(e)Whoever having unauthorized possession of, access to, or control over any document, writing, code book, signal book, sketch, photograph, photographic negative, blueprint, plan, map, model, instrument, appliance, or note relating to the national defense, or information relating to the national defense which information the possessor has reason to believe could be used to the injury of the United States or to the advantage of any foreign nation, willfully communicates, delivers, transmits or causes to be communicated, delivered, or transmitted, or attempts to communicate, deliver, transmit or cause to be communicated, delivered, or transmitted the same to any person not entitled to receive it, or willfully retains the same and fails to deliver it to the officer or employee of the United States entitled to receive it;

According to Wikipedia the espionage act was "intended to prohibit interference with military operations or recruitment, to prevent insubordination in the military, and to prevent the support of United States enemies during wartime."

But prosecutors have lately been using the Act for something that was never intended: charging hackers with leaking information to reporters. In other words, the Espionage Act is now used to prosecute reporters who publish government secrets. If you add to this a POTUS who would love nothing more than to shut down any newspaper, television or online news site critical of him you begin to grasp just how ominous the Assange indictment has for freedom of the press.

It may be true that what Assange is alleged to have done, (help Manning break a passcode so she could illegally hack into government computers) is outside traditional investigative journalism. However, as Glenn Greenwald has rightly pointed out none of this is new: "It was long known by the Obama DOJ and was explicitly part of Manning’s trial, yet the Obama DOJ – not exactly renowned for being stalwart guardians of press freedoms – concluded it could not and should not prosecute Assange because indicting him would pose serious threats to press freedom. In sum, today’s indictment contains no new evidence or facts about Assange’s actions; all of it has been known for years."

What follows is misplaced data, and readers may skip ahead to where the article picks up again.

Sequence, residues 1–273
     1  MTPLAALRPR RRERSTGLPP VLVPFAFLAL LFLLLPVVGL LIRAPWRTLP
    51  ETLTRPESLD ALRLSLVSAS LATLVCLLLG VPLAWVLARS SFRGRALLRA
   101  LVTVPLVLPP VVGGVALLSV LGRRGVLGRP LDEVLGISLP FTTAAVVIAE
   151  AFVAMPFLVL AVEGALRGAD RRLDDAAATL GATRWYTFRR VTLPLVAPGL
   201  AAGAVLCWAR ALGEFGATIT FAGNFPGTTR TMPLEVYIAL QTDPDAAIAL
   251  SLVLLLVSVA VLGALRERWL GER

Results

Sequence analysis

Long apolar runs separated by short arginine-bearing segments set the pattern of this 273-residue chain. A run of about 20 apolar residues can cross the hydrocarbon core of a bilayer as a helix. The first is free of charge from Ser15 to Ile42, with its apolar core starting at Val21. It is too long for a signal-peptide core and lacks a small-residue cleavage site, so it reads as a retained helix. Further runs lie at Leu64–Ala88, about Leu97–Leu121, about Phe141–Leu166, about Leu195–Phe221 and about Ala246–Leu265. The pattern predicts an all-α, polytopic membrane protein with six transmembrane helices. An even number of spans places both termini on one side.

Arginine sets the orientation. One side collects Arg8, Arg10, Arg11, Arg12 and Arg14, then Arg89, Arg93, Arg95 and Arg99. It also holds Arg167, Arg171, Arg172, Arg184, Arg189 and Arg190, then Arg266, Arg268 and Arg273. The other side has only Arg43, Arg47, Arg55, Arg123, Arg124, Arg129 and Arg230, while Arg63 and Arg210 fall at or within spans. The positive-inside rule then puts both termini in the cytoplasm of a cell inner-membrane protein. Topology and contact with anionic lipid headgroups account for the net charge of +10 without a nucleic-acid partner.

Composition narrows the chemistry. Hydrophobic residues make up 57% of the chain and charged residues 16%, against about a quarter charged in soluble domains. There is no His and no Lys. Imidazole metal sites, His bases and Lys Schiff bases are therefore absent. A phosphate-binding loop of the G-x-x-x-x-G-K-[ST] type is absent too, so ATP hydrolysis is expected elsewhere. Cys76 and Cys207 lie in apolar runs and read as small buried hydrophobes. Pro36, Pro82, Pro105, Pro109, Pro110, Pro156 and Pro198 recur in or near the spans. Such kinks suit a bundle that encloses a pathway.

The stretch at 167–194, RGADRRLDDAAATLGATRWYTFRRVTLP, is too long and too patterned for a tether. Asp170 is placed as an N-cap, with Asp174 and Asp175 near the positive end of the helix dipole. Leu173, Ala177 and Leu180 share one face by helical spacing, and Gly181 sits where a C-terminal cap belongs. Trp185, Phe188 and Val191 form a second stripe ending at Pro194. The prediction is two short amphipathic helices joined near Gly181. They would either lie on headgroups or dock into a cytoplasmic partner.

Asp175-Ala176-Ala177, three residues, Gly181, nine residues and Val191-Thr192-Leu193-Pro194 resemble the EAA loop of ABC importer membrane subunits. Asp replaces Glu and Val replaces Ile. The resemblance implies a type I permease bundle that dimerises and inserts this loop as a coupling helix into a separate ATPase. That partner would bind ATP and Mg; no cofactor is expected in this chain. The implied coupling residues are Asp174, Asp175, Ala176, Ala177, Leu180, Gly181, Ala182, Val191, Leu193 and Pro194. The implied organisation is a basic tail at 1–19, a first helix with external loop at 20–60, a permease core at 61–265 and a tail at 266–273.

Whatever the current DOJ has in mind the indictment only accuses Assange of "trying to help Manning log into the Defense Department’s computers using a different user name so that she could maintain her anonymity while downloading documents in the public interest and then furnish them to WikiLeaks to publish."

So, in effect, encouraging a source to provide information or taking efforts to protect the identity of that source is called a conspiracy which amounts to a violation of the Espionage Act--which in effect criminalizes what journalists do all the time. It is crucial to understand here that the conspiracy charge is intended as a way of legally sidestepping the First Amendment issue regarding freedom of the press. It does not as many journalists have pointed out. Moreover, if it cannot be proved (which is highly likely), then there is not much left of the case against Assange that was not previously dismissed by the Obama DOJ.

Can Assange can be legally extradited to the US? Not according to Article 4 of the 2003 extradition treaty between the US and the UK : “extradition shall not be granted if the offense for which extradition is requested is a political offense.” In a similar case Home Secretary Theresa May concluded that the UK could not extradite Gary McKinnon, a British hacker who admitted accessing U.S. government computers.